Written by Sarah Sapeda
The San Diego Unified School District Board of Education gave final approval Tuesday night to implementing a supplemental early retirement program for 471 eligible teachers in a move to trim about $29.6 million from its budget over the next five years.
District officials said the tally, which was about a quarter of those eligible, signed on before Friday's deadline, but teachers accepted to teach summer school will have until its last workday to tender their non-revocable resignation. The district previously set a goal of 547 San Diego Education Association-represented teachers.
The retirement incentive is expected to save the district about $7.9 million next year, which will be applied to next year's anticipated $115.6 million shortfall along with about $80.3 million in real estate sales and funds from other cost-cutting measures.
"This was 100 percent really a dollar decision -- and a good decision for the taxpayers," Trustee Scott Barnett said.
District officials said early retirement will be beneficial due to declining enrollment and common core standards and other requirements that will necessitate adjustments.
Teachers 55 years of age and older with five years of state teachers retirement system credit, or who are 50 to 54 with 30 years state retirement credit were eligible, according to the association's website. They were also required to have been with the district for at least five years.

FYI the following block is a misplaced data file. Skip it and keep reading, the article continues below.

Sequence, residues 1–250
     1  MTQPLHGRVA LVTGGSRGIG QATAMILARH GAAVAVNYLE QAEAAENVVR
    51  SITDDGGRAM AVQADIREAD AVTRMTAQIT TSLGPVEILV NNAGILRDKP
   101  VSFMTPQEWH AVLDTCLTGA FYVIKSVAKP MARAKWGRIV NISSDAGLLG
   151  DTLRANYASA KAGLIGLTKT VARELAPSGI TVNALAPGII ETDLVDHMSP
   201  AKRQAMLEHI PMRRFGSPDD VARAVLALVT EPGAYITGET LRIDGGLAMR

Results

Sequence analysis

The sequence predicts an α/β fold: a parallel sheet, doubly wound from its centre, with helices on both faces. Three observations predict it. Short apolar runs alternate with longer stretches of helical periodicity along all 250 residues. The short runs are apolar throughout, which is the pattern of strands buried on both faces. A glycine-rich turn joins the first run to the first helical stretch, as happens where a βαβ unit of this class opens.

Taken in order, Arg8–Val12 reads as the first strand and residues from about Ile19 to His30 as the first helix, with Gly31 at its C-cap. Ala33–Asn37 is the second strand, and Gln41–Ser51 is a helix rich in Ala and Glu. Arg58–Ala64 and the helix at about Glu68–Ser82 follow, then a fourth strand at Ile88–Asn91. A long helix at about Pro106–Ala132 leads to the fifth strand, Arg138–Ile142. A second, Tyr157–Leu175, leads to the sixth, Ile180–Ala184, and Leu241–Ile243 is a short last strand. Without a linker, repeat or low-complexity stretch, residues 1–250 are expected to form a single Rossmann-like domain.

Under the agreement, all of an eligible teacher's final annual salary is to paid into an annuity over five years, and participants can choose from several payout options.
Also at Tuesday night's meeting, the board heard a report from financial and government relations staffers on Gov. Jerry Brown's revisions to next year's budget proposal and what the changes will mean for the district.
Brown's May revise reflected $242 million in growth to go toward education, which will be used for higher average daily attendance funding, district Director of Government Relations Martha Alvarez said.
The revisions do not include additional program funding, but continued to focus on non-funded liabilities to the state and paying down the "wall of debt," which includes about $6.2 billion in deferred money for schools.
San Diego Unified is owed about $74 million dating back to 1998, she said.
Also reflected in the revision was about $74 billion in pension liabilities with the state teachers retirement system, of which responsibility would be shared with districts, Alvarez said. About $47 billion would be paid by districts, $20 million by the state and $8 billion by employees.
That means San Diego Unified's pension liability is projected to grow from about $6.3 million in the upcoming fiscal year, to $8.1 million in 2015-16 and $8.3 million in 2016-17, district Chief Financial Officer Jenny Salkeld said. However, the district will not see a substantial change in revenue, she said.
—City News Service